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November 17, 2015

"The Rambling Irishman"

John Carson Releases CD of Songs From His Homeland

By Kelly Saavedra /

When John Carson was introduced as the new head of the School of Art at his welcome reception in 2006, instead of making a few remarks, he sang a song.

He sang "The Rambling Irishman," whose lyrics tell a hopeful story about an Irishman like himself, emigrating to America in search of a better life.

John Carson

“I just felt at that point in time that it conveyed my feelings better than any speech I might give,” Carson said. “In conjunction with the narrative, the tune has an optimistic and uplifting feel to it.”  

Riccardo Schulz, a teaching professor in the School of Music, was in the crowd that evening, listening intently. Schulz has been recording opera singers for decades and knew immediately that he wanted to record Carson singing.

“Although John is not formally trained, his voice has an exceptionally good quality and carries well for the same reasons that trained opera singers’ voices carry, so I was impressed with that,” Schulz said. “But I was even more impressed with the fact that he could introduce himself with song — that’s quite unconventional!”

He invited Carson to be a guest artist in his Sound Recording class, which Schulz conducts in the Vlahakis Recording Studio in the basement of the College of Fine Arts.

Carson accepted.

Their first session took place in late November 2006. Carson recorded 20 songs during the three-hour class, mostly from his vast treasure trove of traditional Irish songs.

“All unaccompanied — no instruments, just voice,” Schulz said. “And most were recorded with just one take, straight through, one after the other.”

Afterward, Carson came out of the studio and joined Schulz and his class in the control room, where students were brimming with questions.

Schulz had a few questions, himself.

“Why were so many of them sad songs?” Schulz wanted to know. “Love, lost or forbidden. Going off to war. Longing for the homeland. Songs of celebration and revelry. They were popular songs, parlor songs, pub songs, and John knew the history and provenance of every one of them,” Schulz said.

“Even the titles are fascinating: ‘Mary and the Soldier;’ ‘Ae Fond Kiss;’ ‘True Love Knows No Season.’ Then you have ‘The Banks of Sicily,’ ‘The Lakes of Pontchartrain.’ What was an Irishman doing on the banks of Sicily? or the lakes of Pontchartrain?” Schulz wondered.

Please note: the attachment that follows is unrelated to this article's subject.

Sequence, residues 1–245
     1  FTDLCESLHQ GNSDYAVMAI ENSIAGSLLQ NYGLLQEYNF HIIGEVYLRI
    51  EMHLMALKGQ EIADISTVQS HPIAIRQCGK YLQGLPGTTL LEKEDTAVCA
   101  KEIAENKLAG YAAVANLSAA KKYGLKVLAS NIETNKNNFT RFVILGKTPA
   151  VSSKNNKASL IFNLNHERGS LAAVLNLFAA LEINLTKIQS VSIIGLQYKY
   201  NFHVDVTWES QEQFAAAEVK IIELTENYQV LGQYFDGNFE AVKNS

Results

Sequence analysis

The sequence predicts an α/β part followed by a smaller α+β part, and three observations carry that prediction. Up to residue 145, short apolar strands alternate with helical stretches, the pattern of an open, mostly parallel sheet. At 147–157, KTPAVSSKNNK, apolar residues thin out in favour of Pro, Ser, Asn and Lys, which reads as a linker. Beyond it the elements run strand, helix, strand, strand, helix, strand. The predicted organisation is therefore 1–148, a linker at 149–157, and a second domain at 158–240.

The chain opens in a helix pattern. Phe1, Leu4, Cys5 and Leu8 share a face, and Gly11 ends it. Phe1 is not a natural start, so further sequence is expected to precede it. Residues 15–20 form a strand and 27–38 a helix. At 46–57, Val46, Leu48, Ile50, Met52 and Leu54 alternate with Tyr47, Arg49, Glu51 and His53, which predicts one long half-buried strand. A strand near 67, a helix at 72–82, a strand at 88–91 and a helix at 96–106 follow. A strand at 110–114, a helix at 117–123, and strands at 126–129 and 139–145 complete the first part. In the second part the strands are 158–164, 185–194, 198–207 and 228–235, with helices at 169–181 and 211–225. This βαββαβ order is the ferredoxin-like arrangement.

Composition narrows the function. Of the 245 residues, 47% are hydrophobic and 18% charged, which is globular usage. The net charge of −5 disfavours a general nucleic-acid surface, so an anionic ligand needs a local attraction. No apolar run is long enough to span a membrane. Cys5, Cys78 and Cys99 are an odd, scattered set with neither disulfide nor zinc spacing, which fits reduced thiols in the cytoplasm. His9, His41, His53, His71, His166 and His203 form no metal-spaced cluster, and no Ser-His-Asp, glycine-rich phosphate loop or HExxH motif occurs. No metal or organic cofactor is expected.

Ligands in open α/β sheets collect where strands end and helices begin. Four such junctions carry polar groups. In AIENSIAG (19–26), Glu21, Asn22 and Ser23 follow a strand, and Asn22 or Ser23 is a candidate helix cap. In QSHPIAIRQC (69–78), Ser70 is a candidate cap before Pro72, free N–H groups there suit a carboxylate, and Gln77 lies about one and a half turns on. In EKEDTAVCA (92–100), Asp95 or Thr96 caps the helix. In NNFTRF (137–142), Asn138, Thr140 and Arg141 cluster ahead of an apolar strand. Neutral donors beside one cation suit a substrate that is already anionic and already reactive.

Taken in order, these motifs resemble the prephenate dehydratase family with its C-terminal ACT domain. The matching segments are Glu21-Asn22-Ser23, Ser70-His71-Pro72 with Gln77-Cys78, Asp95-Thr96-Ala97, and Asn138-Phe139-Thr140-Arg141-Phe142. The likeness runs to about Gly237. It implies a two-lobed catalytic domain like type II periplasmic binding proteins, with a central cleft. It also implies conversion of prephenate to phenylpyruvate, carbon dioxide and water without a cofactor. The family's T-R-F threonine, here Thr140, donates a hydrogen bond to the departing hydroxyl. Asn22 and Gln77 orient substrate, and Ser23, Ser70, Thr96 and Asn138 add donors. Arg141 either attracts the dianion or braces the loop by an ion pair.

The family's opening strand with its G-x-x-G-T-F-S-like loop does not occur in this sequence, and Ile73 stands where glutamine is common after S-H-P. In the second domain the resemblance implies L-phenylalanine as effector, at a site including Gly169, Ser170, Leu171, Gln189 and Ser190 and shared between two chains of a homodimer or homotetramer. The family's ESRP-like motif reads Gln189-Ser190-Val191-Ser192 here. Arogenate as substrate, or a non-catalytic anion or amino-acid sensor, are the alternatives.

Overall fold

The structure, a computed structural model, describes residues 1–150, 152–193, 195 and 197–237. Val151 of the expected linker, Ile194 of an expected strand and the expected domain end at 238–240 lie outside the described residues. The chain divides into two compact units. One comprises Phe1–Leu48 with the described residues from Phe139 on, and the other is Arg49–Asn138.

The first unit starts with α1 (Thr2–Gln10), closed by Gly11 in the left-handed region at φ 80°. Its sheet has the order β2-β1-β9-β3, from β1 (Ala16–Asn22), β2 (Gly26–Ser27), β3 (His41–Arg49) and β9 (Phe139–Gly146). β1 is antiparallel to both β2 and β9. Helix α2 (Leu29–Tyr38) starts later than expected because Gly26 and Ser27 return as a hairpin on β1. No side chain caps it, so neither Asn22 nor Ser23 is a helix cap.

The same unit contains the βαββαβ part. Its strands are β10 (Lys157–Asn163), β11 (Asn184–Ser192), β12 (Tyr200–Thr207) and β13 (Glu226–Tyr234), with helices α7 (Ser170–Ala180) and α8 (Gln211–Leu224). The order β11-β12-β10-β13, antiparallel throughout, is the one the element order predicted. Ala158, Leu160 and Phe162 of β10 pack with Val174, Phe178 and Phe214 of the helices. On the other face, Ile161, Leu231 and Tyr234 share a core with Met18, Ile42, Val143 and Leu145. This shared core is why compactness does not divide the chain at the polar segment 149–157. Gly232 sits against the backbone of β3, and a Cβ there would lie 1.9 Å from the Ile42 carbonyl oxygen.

Carson entertained them with stories about his life and the importance of music in Irish culture. The root of his attachment to Irish and Scottish music lies in having grown up on the northeast coast of Ireland in Carrickfergus, 22 miles across the water from Scotland.

“Across those 22 miles is a shared Scots and Irish culture,” Carson said. “At one point in time, the two regions were ruled as one kingdom, named Dalriada.

During his childhood, Carson said, there was always singing in the house.

“And there would frequently be get-togethers with relatives, friends and neighbors, where everybody would have to sing a song, play a tune or tell a story,” he said. “It didn't matter whether you were any good or not. Everybody had to take a turn. From an early age you had to start building a repertoire, as children were expected to have a 'party piece.’”

While admittedly fond of “The Rambling Irishman,” Carson says he couldn’t single out just one song as his favorite because he likes different songs for different reasons.

He likes to sing “Kishmul's Galley” because it’s a “rousing tune that always lifts the spirits.”

For “Freedom Come All Ye,” the Scottish poet Hamish Henderson put words to an old bagpipe tune. Written in Scottish dialect on the topic of racial equality, Carson calls it a joy to sing.

“Even if people do not understand the dialect, the spirit of the song comes through,” he said.

Carson returned to the Vlahakis Recording Studio eight more times, and the numbers grew. In February 2008, he recorded 30 songs during one session. The total number of tracks he’s recorded stands at 172 — mostly traditional Irish songs, but some popular American songs as well.

“It became clear,” Schulz said, “that over and above any individual song, it’s really the growing collection that is astonishing as an important archive of Irish folk music, happening here in Pittsburgh, at Carnegie Mellon.”

After some persuading, and plenty of time spent listening to the recordings, the modest head of the School of Art agreed to choose an hour’s worth of the songs and put them on a CD. The collection, “Traditional Songs Across the Water,” is now available through the University Store.

Carson has done only a few public performances in Pittsburgh.

“More usually, I perform at home, as I have happily continued the party tradition known as a ‘come all ye,’ which I grew up with, by inviting people round for an improvised musical evening,” he said. “I make sure I have a core of local musician friends to guarantee a good evening, but I like to invite new people each time to add an element of unpredictability.”

Schulz said he enjoyed every session and looked forward to the treasures Carson would bring with him to the studio.

“John enriched my life and the lives of more than a hundred students,” Schulz said. “They thought they would be learning about recording equipment, but instead went way beyond the technical aspects of recording, as they met and worked with a true artist.”

Above, John Carson performs songs from his first CD, "Traditional Songs Across the Water."